Category Archives: French

Soleil by La Plage. The making of a restaurant

I spent the last weekend of my year-long sabbatical at Sula’s vineyards in Nashik; exactly 13 years after my first weekend there, as their first head of sales. It wasn’t until I left them to pursue a career in hotels did I realise that for my entire time at Sula I was always the only woman in the room. The office team, the restaurants we visited, the distributors we negotiated with, and the wine shops we cajoled – all male, everywhere.

Over a decade later, I was thrilled to see a few more women at the helm of Sula’s operations – a winemaker, chief vegetable grower, the brand ambassador, a head chef and most recently, Florence Tarbouriech. Florence is one-third of the trio behind Goa’s La Plage, head designer and inspirer of all things genius at their new restaurant Soleil by La Plage at Sula’s vineyards.

Florence’s partnership with Serge Lozano and Morgan Rainforth goes back nearly two decades. Friends, lovers, parents and gastronomes, the trio clearly love their work, but they love life more. It is probably this that they have most in common with Sula’s Rajeev Samant. “We don’t want to create a fashion story,” said Serge. “If we had opened in Bombay, Delhi or Bangalore it would have been a fashion story.” In an industry where restaurateurs pursue private equity backed mindless expansion and chefs spend more time on television than in their kitchens it is heartening to meet a team that puts passion first.

IMG_8003I visited Soleil a few days before their soft launch and was allowed a peek into the making of the restaurant. Florence spent weeks walking around Chor Bazaar and scrap yards, in search of inspiration as well as scrap she could upcycle in the restaurant – so wine pallets and barrels turned into tables, and wine bottles dress the chandeliers. The restaurant has bold pops of colour, lush greenery, original artwork, and comfortable lounge areas. “I waited for the designs to choose me,” she said. This approach to design has been an eye opener for Sula as well. Rajeev shared, “My team are just loving this! After walking around the winery with Florence and Serge they have seen the potential of recycling. Also, instead of waiting around for the restaurant to open, Florence got the waiters to help with the interiors – they painted and scraped along with the workers and now the team have a sense of ownership for the place they will be working in.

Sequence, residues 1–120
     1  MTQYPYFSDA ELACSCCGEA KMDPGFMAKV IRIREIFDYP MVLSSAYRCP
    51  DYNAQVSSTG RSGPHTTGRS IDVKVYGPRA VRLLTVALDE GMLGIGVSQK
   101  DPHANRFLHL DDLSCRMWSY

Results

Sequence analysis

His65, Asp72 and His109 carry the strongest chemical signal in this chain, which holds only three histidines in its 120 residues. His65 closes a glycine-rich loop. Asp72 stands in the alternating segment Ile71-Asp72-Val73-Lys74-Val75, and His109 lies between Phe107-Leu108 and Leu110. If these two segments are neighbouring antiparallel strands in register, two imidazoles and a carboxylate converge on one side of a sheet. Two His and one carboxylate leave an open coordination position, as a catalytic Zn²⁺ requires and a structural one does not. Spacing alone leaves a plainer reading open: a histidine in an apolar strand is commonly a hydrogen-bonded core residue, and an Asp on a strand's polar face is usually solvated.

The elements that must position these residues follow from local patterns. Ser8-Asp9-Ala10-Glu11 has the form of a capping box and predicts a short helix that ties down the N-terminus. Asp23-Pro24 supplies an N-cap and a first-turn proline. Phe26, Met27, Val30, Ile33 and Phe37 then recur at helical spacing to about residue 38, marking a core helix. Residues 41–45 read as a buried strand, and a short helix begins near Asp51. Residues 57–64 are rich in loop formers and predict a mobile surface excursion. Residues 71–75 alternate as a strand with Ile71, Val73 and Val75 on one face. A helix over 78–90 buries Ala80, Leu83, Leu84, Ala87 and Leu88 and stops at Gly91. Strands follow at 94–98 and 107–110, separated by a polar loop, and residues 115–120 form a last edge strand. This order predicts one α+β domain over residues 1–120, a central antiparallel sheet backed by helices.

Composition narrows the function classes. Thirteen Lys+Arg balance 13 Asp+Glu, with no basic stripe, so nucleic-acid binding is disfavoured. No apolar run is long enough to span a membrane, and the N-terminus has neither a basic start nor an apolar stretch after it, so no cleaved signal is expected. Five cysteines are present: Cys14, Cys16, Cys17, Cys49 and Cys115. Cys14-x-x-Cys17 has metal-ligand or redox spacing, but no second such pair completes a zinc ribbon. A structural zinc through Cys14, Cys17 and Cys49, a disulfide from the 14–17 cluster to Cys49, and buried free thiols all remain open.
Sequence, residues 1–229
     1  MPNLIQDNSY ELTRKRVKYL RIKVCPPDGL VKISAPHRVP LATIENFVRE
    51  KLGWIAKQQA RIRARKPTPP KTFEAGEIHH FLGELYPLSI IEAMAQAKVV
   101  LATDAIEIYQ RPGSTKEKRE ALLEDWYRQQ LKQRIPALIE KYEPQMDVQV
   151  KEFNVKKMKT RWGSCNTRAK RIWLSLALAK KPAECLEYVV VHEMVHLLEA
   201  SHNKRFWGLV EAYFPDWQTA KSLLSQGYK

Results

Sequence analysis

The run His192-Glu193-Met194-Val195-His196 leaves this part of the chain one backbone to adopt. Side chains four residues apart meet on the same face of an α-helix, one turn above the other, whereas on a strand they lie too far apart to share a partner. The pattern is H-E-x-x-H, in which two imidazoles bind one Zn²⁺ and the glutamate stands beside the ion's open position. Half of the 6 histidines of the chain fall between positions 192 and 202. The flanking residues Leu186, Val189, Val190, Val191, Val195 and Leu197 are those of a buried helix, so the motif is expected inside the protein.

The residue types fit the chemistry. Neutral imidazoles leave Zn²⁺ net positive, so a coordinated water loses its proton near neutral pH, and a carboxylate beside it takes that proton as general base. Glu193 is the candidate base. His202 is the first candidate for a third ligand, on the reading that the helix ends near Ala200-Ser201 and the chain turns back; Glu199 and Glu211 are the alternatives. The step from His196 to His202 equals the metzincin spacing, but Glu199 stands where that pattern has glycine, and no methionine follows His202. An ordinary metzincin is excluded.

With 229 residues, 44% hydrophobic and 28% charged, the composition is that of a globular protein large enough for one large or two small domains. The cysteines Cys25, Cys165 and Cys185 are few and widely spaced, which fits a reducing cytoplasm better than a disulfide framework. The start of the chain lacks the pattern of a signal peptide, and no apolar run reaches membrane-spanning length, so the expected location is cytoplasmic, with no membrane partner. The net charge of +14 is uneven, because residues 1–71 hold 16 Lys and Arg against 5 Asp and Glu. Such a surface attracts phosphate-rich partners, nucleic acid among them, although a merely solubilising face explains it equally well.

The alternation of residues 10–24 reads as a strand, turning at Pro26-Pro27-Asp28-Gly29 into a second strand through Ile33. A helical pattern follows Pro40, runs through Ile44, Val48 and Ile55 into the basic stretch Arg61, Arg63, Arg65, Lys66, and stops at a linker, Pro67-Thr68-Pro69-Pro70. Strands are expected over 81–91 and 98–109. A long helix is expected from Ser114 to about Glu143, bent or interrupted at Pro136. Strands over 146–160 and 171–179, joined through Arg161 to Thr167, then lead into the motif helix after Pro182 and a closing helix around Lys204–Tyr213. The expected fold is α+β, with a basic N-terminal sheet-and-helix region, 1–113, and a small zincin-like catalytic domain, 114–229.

IMG_7997Something else the four have in common is their desire for simple, sustainable living. Sula employs solar power and rainwater harvesting, vermiculture composting, and now with Soleil has ensured one of India’s first true farm to table experiences.

Chef Morgan, aka Guruji, is overjoyed, “I’ve been cooking awful chicken for 17 years and now I finally have the perfect free range gavthi chicken at my doorstep.” In addition to their own free range chicken farm, Sula also rears goats for milk and cheese, makes grapeseed oil and honey, grows its own fruit and vegetable, and fires the Soleil barbeques with wood from its grape cuttings. It’s hard to get more organic than this!

The trio are country kids at heart and it isn’t surprising to see some very hearty dishes at Soleil. Morgan’s menu features French classics as well as, for the first time, his take on Indian food. “I am trying to pare back, get to the heart of the spice in each dish. During my research I was also surprised to see some similarities between Indian food and some dishes from France. For example, you have ‘Gatte ki sabzi’; and I grew up with the French version of this – fried chickpea flour cakes! There is also the Indian version of French creamed spinach, or as we like to call it, palak paneer.

Soleil’s menu will change with the seasons and this monsoon they are serving dishes that include Mango and beetroot carpaccio, coriander and homemade feta cheese (Rs. 280); Crispy organic asparagus and grilled homemade paneer with creamy spinach sauce (Rs. 300); Barbecued Gangapur lake scampi, coral butter, saffron risotto with broccoli (Rs. 690); Free range chicken cooked in Sula Dindori Shiraz, potato puree with olive oil and caramelized baby onions (Rs. 540); and Soleil’s seasonal vegetarian thali (Rs. 310).

Two decades in India have sensitised the La Plage gang to working here – so they may not have beef on their menu, Morgan no longer asks why he cannot buy fish during shravan, and Florence isn’t surprised when the painting of the Pandav Caves is moved out of the loo ten seconds after she placed it there.

Even though Soleil gets the all-important big three right – great chef, great location, great concept – spend a day with Florence, Morgan, Serge and Rajeev and it’s clear that what they are committed to most is preserving their environment. As destination restaurants around the world are slowly making their way up most ‘Best Of’ lists, India can finally be proud to have one of her own.